Reversal of New, Factor-specific Oral Anticoagulants by rFVIIa, Prothrombin Complex Concentrate and Activated Prothrombin Complex Concentrate: A Review of Animal and Human Studies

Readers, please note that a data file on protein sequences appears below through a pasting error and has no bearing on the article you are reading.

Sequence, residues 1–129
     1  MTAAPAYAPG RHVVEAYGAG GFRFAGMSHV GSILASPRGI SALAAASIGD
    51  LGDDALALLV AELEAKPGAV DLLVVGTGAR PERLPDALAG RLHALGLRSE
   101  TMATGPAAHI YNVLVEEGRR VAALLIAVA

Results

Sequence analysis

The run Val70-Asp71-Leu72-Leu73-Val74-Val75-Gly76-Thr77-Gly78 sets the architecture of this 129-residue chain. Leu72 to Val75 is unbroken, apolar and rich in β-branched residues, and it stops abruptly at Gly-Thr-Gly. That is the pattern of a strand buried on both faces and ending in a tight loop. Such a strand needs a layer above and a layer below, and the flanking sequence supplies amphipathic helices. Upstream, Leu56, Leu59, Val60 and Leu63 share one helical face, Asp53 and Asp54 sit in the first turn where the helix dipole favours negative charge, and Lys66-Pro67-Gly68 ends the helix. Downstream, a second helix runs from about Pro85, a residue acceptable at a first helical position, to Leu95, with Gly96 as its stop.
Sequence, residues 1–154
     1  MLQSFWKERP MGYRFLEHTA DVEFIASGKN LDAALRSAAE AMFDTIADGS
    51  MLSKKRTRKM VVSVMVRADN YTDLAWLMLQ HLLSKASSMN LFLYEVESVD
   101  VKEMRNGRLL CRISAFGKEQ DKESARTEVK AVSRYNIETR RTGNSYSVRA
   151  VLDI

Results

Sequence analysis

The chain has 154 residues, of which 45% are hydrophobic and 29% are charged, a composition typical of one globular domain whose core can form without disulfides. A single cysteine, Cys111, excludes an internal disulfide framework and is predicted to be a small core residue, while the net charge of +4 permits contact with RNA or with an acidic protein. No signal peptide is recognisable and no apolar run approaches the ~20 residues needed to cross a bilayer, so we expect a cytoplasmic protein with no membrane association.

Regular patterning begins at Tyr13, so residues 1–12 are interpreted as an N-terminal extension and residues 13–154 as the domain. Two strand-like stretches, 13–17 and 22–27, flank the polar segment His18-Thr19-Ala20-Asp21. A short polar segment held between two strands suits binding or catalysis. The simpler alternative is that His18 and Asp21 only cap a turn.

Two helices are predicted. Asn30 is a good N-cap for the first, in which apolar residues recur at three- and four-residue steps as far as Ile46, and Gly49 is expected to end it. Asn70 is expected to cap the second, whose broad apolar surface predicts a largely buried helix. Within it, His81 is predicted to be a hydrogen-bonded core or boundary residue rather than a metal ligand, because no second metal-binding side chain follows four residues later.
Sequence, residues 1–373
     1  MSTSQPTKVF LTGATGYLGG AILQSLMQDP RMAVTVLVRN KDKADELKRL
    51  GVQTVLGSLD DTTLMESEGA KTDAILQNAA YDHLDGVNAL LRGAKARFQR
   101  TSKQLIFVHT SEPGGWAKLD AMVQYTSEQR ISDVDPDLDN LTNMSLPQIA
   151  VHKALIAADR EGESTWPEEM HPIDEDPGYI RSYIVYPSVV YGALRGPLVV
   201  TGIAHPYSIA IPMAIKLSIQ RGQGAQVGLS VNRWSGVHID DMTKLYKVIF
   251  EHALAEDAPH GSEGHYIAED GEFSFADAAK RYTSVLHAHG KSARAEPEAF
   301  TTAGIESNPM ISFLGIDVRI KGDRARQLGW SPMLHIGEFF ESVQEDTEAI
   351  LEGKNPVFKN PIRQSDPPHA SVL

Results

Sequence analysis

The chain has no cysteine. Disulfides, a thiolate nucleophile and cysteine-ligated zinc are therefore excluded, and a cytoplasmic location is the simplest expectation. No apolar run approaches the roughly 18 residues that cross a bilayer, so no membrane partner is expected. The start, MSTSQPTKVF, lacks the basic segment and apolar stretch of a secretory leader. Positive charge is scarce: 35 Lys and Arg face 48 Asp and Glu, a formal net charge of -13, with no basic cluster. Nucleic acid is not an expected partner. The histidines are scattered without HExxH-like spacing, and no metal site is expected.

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INTRODUCTION: Recombinant activated factor VII (rFVIIa), prothrombin complex concentrate (PCC) and activated PCC (aPCC) are three non-specific haemostatic agents sometimes employed to reverse new, factor-specific oral anticoagulants. METHODS: We conducted a review in the literature to compare the abilities of rFVIIa, PCC and aPCC to reverse factor-specific anticoagulants. MEDLINE and EMBASE databases were searched up to Oct 2013. RESULTS: Eleven animal studies and two human trials met predefined inclusion criteria. To account for dosing variations of anticoagulants among studies, data were interpreted based on standards referenced from human trials at therapeutic doses. In animal studies, inconsistencies in the reversal abilities of rFVIIa, PCC and aPCC can be partly attributed to inter-species differences in the affinity among various clotting factors and tissue factors. Moreover, the differences in the affinity between species-specific clotting factors and anticoagulants that were initially designed to inhibit human factor may impose additional obstacles when comparing single factor rFVIIa with agents that contained multiple clotting factors. In the absence of a common clinical indication for the utilization of rFVIIa, PCC and aPCC, it is difficult, if not impossible, to establish an equivalent dose among these haemostatic agents when comparing their effectiveness in reversing factor-specific oral anticoagulants. Human trials were too few and sub-optimally designed to draw definite conclusions. CONCLUSION: While preclinical studies may hint at a role for these haemostatic agents in reversing the anticoagulant effects of oral, factor-specific anticoagulants, existing trials offer inconclusive evidence to guide a clinical decision among individual agents with respect to potency and thrombosis risk. The mechanistic differences of these hemostatic agents in terms of their interactions with other coagulation factors impose major obstacles for the scientists using animal models to compare the efficacy of these reversal agents.
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